It was early Friday morning, the sun was just coming up in the Simi Hills and 60-year-old Bell Canyon resident Laurita Gallagher was screaming to her family that it was time to leave.
Gallagher and her husband had woken up every two hours to check the Woolsey fire’s progress. Her son, Payson, 24, didn’t sleep, instead watching the fire. They had packed their belongings and were ready to evacuate.
The Gallagher family knew that if the fire crossed over a ridgeline near their Tudor-style five-bedroom home, they would need to leave. They didn’t realize how quickly that would happen.
At 5:30 a.m. Friday, the Gallaghers got a warning from the homeowners association that the fire was spreading fast. Soon, tall deeply orange flames were chewing through timber near their home. Before the family could get into their cars, the fire had already made it to their driveway. Gallagher’s niece Marisa was last in the caravan of cars, and as she left, burning branches were hitting her vehicle’s hood.
“It happened so quickly,” Gallagher said. “The wind was blowing 40 mph, there were embers flying everywhere — our eyes were burning, and we couldn’t keep them open. We tried to put our shirts up against our faces, mostly fearing some embers were going to fall on us. Just the intensity of the heat on our faces and body was almost blistering.”
Bell Canyon was one of the many upscale hillside neighborhoods in which the Woolsey fire swept through, indiscriminately destroying some of the sprawling homes while sparing others.
An unknown number of homes was lost in the gated community on the western edge of the San Fernando Valley. Some residents followed the evacuation orders and fled; others stayed and tried to save their homes.
Eugene Karpus, 59, and a handful of neighbors worked as a team to defend their corner of Bell Canyon on Friday.
Karpus, a psychiatrist, worked with neighbors — including a medical courier, a neighbor who recently had brain surgery and a financial officer who works at a local university — using shovels, axes and water hoses. Through determination, none of their homes burned.
Karpus said it didn’t seem like there were enough firefighters in the area when the blaze began.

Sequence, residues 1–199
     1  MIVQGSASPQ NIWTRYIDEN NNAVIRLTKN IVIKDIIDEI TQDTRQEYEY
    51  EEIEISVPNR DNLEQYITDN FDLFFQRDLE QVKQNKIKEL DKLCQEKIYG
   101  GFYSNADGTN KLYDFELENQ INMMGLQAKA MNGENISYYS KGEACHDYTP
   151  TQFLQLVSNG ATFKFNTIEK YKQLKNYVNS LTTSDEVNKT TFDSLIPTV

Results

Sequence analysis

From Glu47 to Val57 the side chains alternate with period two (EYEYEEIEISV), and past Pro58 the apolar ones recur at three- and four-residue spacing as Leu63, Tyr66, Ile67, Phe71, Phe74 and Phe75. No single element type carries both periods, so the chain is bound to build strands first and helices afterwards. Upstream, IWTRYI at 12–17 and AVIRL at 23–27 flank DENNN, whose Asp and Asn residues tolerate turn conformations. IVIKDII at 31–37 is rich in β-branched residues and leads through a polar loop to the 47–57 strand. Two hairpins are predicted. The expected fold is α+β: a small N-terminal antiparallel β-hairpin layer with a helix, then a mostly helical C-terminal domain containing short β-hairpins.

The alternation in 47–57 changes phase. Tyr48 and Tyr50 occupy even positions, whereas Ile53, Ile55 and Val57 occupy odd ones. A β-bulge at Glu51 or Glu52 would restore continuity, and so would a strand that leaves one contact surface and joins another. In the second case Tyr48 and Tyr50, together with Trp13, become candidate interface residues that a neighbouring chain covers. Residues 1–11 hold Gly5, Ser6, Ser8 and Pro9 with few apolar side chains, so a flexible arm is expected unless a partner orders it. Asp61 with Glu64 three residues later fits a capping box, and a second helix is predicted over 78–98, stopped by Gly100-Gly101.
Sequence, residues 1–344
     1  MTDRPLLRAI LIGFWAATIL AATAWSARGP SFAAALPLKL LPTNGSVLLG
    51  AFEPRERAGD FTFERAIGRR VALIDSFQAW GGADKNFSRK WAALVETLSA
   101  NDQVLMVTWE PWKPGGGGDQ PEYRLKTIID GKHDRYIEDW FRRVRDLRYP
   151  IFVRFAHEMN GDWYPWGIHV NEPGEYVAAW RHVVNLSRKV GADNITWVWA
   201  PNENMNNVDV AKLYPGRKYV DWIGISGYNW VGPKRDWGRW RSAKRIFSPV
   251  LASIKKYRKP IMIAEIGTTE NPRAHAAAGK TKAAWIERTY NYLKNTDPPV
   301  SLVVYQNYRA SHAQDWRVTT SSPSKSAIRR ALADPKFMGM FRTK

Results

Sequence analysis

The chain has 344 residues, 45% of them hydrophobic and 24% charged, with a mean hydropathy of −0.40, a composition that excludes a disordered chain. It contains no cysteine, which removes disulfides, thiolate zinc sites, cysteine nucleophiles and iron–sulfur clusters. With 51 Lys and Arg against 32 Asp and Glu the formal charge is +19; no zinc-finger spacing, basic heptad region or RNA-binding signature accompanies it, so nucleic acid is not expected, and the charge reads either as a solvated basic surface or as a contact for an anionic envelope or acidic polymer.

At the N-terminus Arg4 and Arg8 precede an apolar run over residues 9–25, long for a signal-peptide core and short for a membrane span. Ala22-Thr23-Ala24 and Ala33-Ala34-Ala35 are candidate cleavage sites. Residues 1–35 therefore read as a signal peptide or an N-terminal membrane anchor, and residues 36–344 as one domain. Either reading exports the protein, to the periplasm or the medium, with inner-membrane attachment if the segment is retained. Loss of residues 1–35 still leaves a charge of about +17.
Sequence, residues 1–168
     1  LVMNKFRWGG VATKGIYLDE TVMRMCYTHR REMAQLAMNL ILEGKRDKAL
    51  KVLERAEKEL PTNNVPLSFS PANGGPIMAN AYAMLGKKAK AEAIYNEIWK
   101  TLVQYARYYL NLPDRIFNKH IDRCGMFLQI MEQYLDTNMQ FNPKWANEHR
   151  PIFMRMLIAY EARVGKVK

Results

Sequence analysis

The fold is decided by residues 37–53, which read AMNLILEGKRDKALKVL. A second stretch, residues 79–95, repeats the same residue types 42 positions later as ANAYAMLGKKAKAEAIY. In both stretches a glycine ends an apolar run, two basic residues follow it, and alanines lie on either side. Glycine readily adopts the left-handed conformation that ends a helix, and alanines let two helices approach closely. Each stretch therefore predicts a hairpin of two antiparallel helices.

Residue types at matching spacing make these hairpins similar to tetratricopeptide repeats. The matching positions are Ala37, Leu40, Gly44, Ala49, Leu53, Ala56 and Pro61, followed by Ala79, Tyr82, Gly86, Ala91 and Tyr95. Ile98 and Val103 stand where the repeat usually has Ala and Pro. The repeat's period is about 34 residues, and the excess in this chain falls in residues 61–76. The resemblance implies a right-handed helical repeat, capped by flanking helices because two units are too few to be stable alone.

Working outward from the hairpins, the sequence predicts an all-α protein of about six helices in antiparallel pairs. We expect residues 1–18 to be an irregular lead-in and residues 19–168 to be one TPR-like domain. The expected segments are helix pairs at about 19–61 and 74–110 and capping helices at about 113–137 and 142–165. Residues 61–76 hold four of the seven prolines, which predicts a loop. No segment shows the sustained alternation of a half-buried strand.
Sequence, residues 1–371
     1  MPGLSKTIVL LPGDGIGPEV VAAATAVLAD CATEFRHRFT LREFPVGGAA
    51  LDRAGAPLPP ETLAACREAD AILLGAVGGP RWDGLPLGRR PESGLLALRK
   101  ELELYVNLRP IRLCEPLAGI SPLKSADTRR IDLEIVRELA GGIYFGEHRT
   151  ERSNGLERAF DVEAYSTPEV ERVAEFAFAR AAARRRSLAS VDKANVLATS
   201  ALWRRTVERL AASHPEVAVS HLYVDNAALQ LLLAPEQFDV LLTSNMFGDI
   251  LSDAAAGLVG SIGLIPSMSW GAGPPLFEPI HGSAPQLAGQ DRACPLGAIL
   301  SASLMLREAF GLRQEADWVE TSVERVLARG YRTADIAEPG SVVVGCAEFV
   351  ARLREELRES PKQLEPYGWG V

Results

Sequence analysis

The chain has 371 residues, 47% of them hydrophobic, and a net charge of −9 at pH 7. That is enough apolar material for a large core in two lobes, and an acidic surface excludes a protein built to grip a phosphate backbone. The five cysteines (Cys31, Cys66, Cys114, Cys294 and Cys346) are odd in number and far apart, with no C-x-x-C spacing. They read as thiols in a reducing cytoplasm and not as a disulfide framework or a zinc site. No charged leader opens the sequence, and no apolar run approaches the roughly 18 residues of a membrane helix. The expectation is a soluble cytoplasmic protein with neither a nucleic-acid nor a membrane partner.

“There definitely wasn’t enough manpower,” he said. “They cannot be everywhere.”
Karpus’ logic for staying was simple: “Obviously, all big fires start with a small [one],” he said.
The team reunited Saturday for breakfast to recount their efforts and get to know each other better.
Like many who live in Bell Canyon, Gallagher appreciates how serene and quiet the community is. Living in Bell Canyon is like living in a lush wilderness that blocks out the city nearby. But being in the middle of that open space becomes a danger when fires hit.
Before evacuating, the Gallaghers sprayed down their house and yard with water, but they wanted to do more.
The home survived, but the fire burned their barn and the steep hillside behind their house.
The family moved to Bell Canyon two years ago, and the home is already full of memories. Gallagher has an “open house” policy to friends and family. She’s a caterer, and they know when they visit, she’ll always have great food for them. The home is where the family gathers during the holidays. Around Christmas, there are at least 60 people in the home. That’s why she and so many other residents felt compelled to defend their homes.
“We all just have to stick together as a community and try to rebuild it and support each other,” Gallagher said.
She has survived floods and earthquakes, but the Woolsey fire shook her in a way she had never experienced.
“You can’t even explain how you feel and how your nerves get shot, and [in the moment] you really can’t think of anything other than just to save your life,” she said.